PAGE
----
Johann Pachelbel

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Born: Sep 1, 1653; Germany   Died: Mar 9, 1706; Germany   Period: Baroque
Johann Pachelbel is unfairly viewed as a one-work composer, that work being the popular Canon in D major, for three violins and continuo. He was an important figure from the Baroque period who is now seen as central in the development of both keyboard music and Protestant church music. Some have summarized his primary contribution as the uniting of Catholic Gregorian chant elements with the Northern German organ style, a style that reflected the Read more influence of the Protestant chorale. A Lutheran, he spent several years in Vienna where he was exposed to music by Frohberger and Frescobaldi, which influenced his work with the chorale-prelude. His music in this genre would in turn influence the compositions of Johann Sebastian Bach, among others. It should be noted that many of Pachelbel's works are difficult to date, thus rendering judgments about his stylistic evolution questionable in many cases. Pachelbel was also a gifted organist and harpsichordist.
Pachelbel was born in August of 1653 and baptized on September 1. He showed musical talent early on and began studies first with Heinrich Schwemmer and later with George Kaspar Wecker, the latter instructing in composition and on organ. Pachelbel received his general education at St. Lorenz high school, and in 1669 he enrolled at the university in Altdorf. Pachelbel did not come from a wealthy family and earned meager sums serving as organist at the Lorenzkirche. He thus could not garner enough money to keep up with the tuition costs at the university and had to leave after about a year.
After a brief period of private study following his departure, Pachelbel traveled to Vienna and obtained an assistant organist post at St. Stephen's Cathedral in 1673. Four years later he took a position as court organist in Eisenach, where Bach would be born in 1685. He would become a close friend of the Bach family and teach both Johann Sebastian and Johann Christoph. Pachelbel left after a year at Eisenach however, and became organist at the Predigerkirche in Erfurt, in 1678.
The composer married Barbara Gabler in 1681, and by 1683 he was a father. In September of that year however, tragedy struck as a plague swept through Erfurt, taking his wife and infant son. Four sets of chorale variations appeared around this time under the title of Musicalische Sterbens-Gedancken (Musical Thoughts of Death). During this period his organ chorales would become his most important works.
In August 1684, Pachelbel married Judith Drommer. One of their seven children would be the composer, organist, and harpsichordist Wilhelm Hieronymus Pachelberg, born 1686. In 1690 Pachelbel took a post as Court organist at Stuttgart and appeared quite satisfied, but left after two years due to an impending invasion by French forces. He served next as municipal organist at Gotha, from the fall of 1692 until April 1695. He returned to Nuremberg around the latter time, eventually to become organist at St. Sebalduskirche (summer, 1695). He would serve for nearly 11 years in this post, producing his most famous vocal scores, as well as his great Magnificat fugues. In 1699 he produced his important collection of six arias, Hexachordum Apollinis, for organ or harpsichord. Pachelbel was buried in Nuremberg on March 9, 1706, and apparently had died on March 3. Read less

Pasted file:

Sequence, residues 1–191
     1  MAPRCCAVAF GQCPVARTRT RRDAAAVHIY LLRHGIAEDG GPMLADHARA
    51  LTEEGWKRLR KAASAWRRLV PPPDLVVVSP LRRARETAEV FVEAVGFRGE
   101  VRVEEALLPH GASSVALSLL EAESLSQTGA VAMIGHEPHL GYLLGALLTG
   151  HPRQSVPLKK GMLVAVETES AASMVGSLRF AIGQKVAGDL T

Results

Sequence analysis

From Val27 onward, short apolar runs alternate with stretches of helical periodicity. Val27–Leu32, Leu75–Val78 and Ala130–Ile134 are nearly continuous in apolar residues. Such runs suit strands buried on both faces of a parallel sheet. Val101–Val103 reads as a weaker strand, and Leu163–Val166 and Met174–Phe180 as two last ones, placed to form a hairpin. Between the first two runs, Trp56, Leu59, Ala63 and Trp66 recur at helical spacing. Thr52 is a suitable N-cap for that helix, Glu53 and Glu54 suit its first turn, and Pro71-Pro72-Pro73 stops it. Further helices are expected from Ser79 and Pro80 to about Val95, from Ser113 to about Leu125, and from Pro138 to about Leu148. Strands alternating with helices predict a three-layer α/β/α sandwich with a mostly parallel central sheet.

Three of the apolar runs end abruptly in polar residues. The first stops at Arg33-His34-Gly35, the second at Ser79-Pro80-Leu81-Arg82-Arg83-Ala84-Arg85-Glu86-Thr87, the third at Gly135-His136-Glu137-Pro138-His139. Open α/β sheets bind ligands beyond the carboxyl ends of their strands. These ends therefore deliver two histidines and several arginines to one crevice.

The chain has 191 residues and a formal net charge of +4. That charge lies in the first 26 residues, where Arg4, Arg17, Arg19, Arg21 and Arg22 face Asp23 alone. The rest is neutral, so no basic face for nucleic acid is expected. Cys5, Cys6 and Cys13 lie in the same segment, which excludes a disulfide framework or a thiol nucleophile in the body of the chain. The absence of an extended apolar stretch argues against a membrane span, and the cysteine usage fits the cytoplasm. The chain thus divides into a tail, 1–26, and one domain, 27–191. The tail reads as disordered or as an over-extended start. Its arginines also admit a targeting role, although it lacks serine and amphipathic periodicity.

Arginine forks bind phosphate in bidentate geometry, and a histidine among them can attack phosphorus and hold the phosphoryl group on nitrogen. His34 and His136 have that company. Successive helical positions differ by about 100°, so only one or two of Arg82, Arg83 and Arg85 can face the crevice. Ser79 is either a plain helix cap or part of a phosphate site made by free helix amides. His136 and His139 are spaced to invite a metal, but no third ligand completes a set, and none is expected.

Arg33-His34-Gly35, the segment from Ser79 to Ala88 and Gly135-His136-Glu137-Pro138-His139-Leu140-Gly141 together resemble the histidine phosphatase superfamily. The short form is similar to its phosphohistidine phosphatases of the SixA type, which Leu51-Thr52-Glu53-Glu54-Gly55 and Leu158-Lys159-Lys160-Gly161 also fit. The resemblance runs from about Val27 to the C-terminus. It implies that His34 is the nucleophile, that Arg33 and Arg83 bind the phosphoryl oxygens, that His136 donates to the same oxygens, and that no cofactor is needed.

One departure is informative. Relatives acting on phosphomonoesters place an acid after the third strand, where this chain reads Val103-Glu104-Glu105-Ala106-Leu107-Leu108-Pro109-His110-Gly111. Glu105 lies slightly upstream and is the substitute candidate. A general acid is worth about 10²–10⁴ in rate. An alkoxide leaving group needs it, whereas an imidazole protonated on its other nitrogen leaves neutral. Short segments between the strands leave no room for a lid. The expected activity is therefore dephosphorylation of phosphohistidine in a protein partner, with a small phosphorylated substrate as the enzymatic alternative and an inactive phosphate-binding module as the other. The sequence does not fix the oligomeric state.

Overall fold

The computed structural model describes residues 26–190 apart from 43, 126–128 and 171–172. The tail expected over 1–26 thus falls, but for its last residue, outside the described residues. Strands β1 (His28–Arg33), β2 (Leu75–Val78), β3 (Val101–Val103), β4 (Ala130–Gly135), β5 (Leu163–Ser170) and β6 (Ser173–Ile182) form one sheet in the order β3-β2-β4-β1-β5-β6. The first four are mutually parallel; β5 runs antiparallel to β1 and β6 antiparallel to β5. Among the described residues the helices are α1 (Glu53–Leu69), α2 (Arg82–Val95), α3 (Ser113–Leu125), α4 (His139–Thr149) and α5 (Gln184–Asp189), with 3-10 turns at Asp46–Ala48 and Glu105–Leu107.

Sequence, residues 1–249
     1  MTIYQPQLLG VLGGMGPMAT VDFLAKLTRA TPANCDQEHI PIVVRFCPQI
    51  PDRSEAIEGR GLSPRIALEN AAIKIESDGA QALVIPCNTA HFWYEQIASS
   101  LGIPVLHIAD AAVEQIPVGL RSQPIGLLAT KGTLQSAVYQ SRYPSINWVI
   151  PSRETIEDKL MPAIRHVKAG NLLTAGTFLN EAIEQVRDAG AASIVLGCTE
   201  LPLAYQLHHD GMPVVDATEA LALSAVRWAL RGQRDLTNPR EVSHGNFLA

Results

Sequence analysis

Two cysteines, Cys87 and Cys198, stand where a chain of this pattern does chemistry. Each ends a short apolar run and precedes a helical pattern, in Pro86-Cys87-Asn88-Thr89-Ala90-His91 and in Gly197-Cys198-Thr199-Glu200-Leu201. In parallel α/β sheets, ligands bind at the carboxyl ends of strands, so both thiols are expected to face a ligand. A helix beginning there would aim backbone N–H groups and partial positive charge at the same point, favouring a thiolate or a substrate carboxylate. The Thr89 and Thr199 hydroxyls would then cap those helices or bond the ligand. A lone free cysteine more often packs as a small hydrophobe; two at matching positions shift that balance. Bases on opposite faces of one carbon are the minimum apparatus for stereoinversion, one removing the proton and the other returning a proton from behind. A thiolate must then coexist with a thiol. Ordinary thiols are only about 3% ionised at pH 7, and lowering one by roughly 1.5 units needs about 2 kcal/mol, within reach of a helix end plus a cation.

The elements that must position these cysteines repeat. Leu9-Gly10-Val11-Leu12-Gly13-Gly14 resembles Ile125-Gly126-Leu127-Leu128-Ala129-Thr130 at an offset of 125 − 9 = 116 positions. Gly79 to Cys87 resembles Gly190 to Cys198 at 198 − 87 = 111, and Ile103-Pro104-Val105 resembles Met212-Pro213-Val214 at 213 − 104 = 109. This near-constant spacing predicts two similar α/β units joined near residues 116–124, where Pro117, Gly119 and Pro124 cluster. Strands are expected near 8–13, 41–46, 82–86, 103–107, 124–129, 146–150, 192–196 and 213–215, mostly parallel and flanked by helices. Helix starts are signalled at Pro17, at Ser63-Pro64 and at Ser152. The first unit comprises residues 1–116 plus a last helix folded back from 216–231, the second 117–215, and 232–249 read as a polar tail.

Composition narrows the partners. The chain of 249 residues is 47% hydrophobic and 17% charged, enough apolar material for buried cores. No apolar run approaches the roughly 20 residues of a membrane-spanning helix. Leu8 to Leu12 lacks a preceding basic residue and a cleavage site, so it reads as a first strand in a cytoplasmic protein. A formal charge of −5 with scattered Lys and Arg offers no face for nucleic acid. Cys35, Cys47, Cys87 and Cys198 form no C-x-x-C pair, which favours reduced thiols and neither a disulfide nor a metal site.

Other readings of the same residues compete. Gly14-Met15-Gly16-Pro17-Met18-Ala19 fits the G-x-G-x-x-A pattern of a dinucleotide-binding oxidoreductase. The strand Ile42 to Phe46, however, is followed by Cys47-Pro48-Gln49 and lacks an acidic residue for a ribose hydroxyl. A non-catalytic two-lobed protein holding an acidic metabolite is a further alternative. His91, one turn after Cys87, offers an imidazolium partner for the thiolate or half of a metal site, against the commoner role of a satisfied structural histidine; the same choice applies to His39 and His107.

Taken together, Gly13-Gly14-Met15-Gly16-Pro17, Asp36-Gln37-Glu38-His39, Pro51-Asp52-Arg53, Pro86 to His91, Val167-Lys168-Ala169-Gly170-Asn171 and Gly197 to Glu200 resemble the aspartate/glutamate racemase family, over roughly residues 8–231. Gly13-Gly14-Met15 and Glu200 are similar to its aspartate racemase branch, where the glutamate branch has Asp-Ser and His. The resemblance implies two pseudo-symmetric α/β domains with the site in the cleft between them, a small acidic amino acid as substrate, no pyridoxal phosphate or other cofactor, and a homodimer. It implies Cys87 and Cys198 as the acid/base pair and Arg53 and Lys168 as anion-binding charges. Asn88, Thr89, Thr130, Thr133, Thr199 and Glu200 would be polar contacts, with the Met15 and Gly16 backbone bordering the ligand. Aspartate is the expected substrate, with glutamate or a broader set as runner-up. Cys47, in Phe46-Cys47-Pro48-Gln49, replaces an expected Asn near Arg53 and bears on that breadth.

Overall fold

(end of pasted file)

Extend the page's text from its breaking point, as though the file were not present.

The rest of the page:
Baroque - A Baroque Celebration - Pachelbel, Bach, Et Al
Release Date: 10/17/2000   Label: Bis  
Catalog: 1135   Number of Discs: 1
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Pachelbel: Organ Works Vol 2 / Matthew Owens
Release Date: 11/25/2008   Label: Delphian  
Catalog: 34031   Number of Discs: 1
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Work: Canon in D major

 

About This Work
Johann Pachelbel (1653-1706) was a fairly popular composer of the German High Baroque who wrote many works in virtually every genre from organ music to cantatas. But he was just one more one time fairly popular composer lost in the mists of musical Read more time until Rudolf Baumgartner and the Lucerne Festival Strings decided to record a work they called Pachelbel's Canon for France's Erato in the mid-'60s. The recording was not considered worthy of release domestically in the United States except by the Musical Heritage Society. Amazingly enough, the recording became a MHS best seller and, even more amazingly, was heard by Robert Redford, who decided to use it in his film Ordinary People (1980). From there, for a brief time, Pachelbel's Canon became the most popular piece of classical music in the history of humanity. Originally written in 1700 as a short, fast piece for three violins and basso continuo, the Baumgartner recording set the pace for outlandish arrangements of the work by slowing it down to about a third its original tempo and expanding the string section by a factor of ten. Since then, Pachelbel's Canon has been arranged for brass quintet by the Canadian Brass, for flute by James Galway and for flute and voice by Galway and Cleo Laine, for string quartet by George Rochberg as part of his String Quartet No. 6, for string quartet as a gloss on "Earth Angel" by the Hampton String Quartet, for synthesizer by Tomita as something called Canon of the Three Stars, plus hundreds of other arrangements for every conceivable instrument or instruments. Occasionally, the original even gets recorded.

-- James Leonard
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